Who is exempt from the rule?

There are exemptions for: 

  • issuers that are unable to comply with the final rule without violating the laws of the jurisdiction where the project is located;
  • issuers that are unable to comply with the final rule without violating the terms in a contract that became effective before the final rule was adopted;

  • smaller reporting companies, meaning issuers with a public float of less than $250 million and issuers with annual revenues of less than $100 million for previous year and public float of less than $700 million; and
     
  • emerging growth companies, meaning issuers with total annual gross revenues of less than $1,235,000,000 during their most recently completed fiscal year and that have not sold common equity securities under a registration statement.

We note that the final rule includes transitional relief for recently acquired companies that were not previously subject to the rule and for issuers that completed their initial public offering within their last full fiscal year.

What relief is afforded to acquisitions?

Form SD reporting obligations for an acquired entity will depend on whether the acquired entity was subject to Section 13(q) for the fiscal year prior to the acquisition. If the acquired entity was not subject to Section 13(q) (or an alternative reporting regime) for the issuer's last full fiscal year prior to the acquisition, then the issuer will be required to begin reporting payment information for that acquired entity starting with the Form SD submission for the first full fiscal year immediately following the effective date of the acquisition. The issuer will therefore not be required to provide the (excluded) payment disclosure for the year in which it acquired the entity.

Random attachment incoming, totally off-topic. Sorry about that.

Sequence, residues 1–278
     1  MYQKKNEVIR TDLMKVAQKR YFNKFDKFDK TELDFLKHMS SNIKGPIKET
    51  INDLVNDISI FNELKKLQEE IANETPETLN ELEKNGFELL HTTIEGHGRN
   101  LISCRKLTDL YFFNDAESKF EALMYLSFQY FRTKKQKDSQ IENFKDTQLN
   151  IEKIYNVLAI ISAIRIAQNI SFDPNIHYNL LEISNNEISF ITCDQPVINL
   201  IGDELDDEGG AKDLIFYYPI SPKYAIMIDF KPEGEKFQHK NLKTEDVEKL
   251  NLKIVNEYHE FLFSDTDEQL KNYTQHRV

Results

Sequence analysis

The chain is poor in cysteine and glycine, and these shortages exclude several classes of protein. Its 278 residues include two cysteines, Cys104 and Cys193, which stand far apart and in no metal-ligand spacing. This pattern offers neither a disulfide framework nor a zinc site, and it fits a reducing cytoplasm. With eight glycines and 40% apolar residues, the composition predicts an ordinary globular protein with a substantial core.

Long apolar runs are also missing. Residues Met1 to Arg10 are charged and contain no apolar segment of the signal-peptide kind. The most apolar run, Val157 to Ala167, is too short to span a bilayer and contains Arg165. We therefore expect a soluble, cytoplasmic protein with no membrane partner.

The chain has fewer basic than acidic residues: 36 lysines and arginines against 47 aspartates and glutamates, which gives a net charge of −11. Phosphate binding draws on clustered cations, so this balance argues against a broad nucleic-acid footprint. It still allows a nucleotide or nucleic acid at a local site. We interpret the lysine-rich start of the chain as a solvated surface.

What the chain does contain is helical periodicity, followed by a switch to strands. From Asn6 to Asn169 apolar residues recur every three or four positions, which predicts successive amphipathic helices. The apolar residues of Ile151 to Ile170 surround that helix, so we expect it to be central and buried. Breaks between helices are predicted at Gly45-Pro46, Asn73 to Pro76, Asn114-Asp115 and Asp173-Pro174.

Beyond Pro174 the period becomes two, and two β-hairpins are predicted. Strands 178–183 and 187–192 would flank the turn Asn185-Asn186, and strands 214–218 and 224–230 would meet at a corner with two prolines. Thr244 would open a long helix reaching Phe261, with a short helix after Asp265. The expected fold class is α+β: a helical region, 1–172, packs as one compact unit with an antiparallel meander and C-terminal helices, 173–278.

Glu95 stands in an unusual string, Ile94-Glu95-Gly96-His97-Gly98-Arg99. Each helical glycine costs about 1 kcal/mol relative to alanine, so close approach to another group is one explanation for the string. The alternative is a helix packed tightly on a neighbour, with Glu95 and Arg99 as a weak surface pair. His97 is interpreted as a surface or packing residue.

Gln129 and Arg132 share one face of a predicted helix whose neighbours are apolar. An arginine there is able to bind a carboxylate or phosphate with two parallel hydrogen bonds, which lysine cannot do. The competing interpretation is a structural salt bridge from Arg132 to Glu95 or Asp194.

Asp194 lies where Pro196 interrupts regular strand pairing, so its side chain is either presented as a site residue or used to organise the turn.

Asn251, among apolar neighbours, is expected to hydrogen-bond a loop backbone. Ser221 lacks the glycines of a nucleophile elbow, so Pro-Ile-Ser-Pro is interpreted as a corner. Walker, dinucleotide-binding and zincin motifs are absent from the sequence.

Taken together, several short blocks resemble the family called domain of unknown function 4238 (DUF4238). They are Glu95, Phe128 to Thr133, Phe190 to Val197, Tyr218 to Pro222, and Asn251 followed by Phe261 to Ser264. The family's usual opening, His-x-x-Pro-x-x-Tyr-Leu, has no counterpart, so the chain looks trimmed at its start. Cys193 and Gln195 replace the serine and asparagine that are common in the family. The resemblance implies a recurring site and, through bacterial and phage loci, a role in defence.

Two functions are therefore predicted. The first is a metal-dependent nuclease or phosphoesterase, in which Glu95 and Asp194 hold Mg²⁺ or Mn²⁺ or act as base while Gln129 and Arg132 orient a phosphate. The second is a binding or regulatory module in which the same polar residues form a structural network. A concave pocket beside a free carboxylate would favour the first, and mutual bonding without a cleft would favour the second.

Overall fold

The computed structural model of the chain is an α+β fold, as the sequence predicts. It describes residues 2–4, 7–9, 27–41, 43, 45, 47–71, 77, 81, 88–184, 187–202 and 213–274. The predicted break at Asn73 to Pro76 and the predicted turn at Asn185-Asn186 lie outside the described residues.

However, this transition period does not apply to acquisitions of entities that were already subject to Section 13(q)'s disclosure requirements. In these instances, disclosure is required for the fiscal year of the acquisition.

By way of example, if an acquisition of an entity that was not subject to Section 13(q) closes in November 2024, assuming a December 31 fiscal year end, then the acquired entity's payments will be first reported on the Form SD covering fiscal year 2025, which must be filed by September 28, 2026, given that September 27, 2026 is a Sunday. However, if the acquired entity was already subject to Section 13(q), then the acquired entity's payments will be reported on the Form SD covering fiscal year 2024, which must be filed by September 29, 2025, given that September 27, 2025 is a Saturday.

What about interpretive questions raised by the rule and adopting release but left unanswered?

As resource extraction issuers analyze their disclosure obligations on Form SD, various interpretative questions have arisen. We recommend coordinating discussions on these questions with your peers and industry groups. In addition, Gibson Dunn lawyers are available to assist in addressing any questions that you may have regarding compliance with this new rule and related Form SD filing requirements, as we have been working through questions with our various clients that operate in the oil and gas and mining industries.

We would like to thank Malakeh Hijazi and Meghan Sherley for their work on this article.